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Auditors cast doubts on SpiceJet's survival

August 18, 2014 09:05 IST

Auditors cast doubts on SpiceJet's survival

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Amid continuing difficulties in airline space to generate profits and raise funds, independent auditors of at least two Indian carriers have raised red-flags over their 'going concern' status claims.

Typically, a company is known as a 'going concern' if it has sufficient resources to continue to operate indefinitely and to avoid any potential bankruptcy risks.

While auditors of now-grounded Kingfisher Airlines have been raising red flags for a long time, auditors of low-cost carrier SpiceJet have pointed out in their latest quarterly review report the airline's total liabilities exceeded its total assets by Rs 1,145.58 crore (Rs 1.15 trillion) as on June 30, 2014.

"These conditions, along with other matters...indicate the existence of a material uncertainty that may cast doubt about the company's ability to continue as a going concern," SpiceJet's auditor SR Batliboi and Associates LLP said.

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Image: India's SpiceJet aircrafts prepare for landing and take-off at the airport in Mumbai.
Photographs: Punit Paranjpe/Reuters

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Auditors cast doubts on SpiceJet's survival

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No provision has been made for interest of Rs 7.5 crore (Rs 75 million) up to June 30, 2014, relating to earlier years on the outstanding inter-corporate deposits taken by Spicejet.

If these amounts had been accounted for, SpiceJet's first quarter net loss, as also accumulated losses, would have been higher, the auditor noted. SpiceJet reported a net loss of Rs 124.10 crore (Rs 1.24 billion) for the April-June 2014 quarter, as against a net profit of Rs 50.56 crore (Rs 505.6 trillion) in the year-ago period.

Jet Airways' auditors said in their latest report for the quarter ended June 30, 2014 that the company's continuance as a "going concern" depends on deeper synergies with Etihad Airways and its ability to raise funds in the future.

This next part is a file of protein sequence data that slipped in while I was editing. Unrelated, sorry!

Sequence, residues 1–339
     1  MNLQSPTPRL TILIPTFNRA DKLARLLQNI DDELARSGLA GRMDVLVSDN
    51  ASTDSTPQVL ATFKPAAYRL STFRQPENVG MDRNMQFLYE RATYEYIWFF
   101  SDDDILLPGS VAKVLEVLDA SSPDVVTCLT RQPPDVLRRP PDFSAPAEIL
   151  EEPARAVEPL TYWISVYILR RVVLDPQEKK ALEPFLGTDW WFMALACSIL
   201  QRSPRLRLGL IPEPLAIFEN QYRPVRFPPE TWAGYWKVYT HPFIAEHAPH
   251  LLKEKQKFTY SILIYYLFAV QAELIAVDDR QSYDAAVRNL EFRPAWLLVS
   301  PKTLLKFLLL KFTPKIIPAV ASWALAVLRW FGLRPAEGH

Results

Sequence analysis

Kingfisher is yet to publish its financial results and the auditor report for the latest quarter ended June 30, 2014.

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Image: Employees work inside a travel agency office besides a model of a SpiceJet aircraft.
Photographs: Amit Dave/Reuters

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Auditors cast doubts on SpiceJet's survival

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The auditors of all three listed airlines have been saying for last few quarters that the "appropriateness of the going concern basis" is dependent on their ability to generate adequate finance to meet obligations and to operate profitably.

However, the management of all three carriers have defended their decisions to prepare their respective financial statements on 'going concern' basis.

Kingfisher has faced most adverse auditor comments, while auditors for Naresh Goyal-led Jet Airways and Maran family-run Sun Group's Spicejet have also been commenting on their 'going concern' status.

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Image: Striking employees stand in front of the Kingfisher Airlines office during a protest march against the company in Mumbai October 5, 2012.
Photographs: Danish Siddiqui/Reuters

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Auditors cast doubts on SpiceJet's survival

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With regard to Jet Airways' 'management statement' about alliance with Etihad and the subsequent positive impact on cash flows, its auditors said that this has been taken into account by the company for preparation of the financial statement on a going concern basis.

"The appropriateness of assumption of going concern is dependent upon realisation of the synergies from alliance with the strategic partner and on the company's ability to raise requisite finance generate cash flows in future to meet its obligations, including financial support to its subsidiary," Deloitte Haskins and Sells LLP said in the auditor's note.

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Image: A Jet Airways passenger aircraft takes off from the Ahmedabad airport.
Photographs: Amit Dave/Reuters

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Drawing attention to the investments and loans to its Jet Lite unit, the independent auditors' review report said, "The subsidiary continues to incur losses and the accumulated losses have fully eroded the net worth of the subsidiary.

"The assessment of carrying amount of the aforesaid investment and loans is critically dependent upon achievement of the expected operating performance by the subsidiary after re-organisation of the fleet as mentioned in the note."

This subsidiary continued to incur losses and showed negative net worth as on June 30, 2014.  Jet Airways' standalone net loss narrowed down by 39 per cent to Rs 217.65 crore (Rs 2.18 billion) in the quarter, while revenue rose 17 per cent to Rs 4,685.64 crore (Rs 46.86 trillion).


Image: India's Jet Airways Chairman Naresh Goyal attends a news conference.
Photographs: Punit Paranjpe/Reuters

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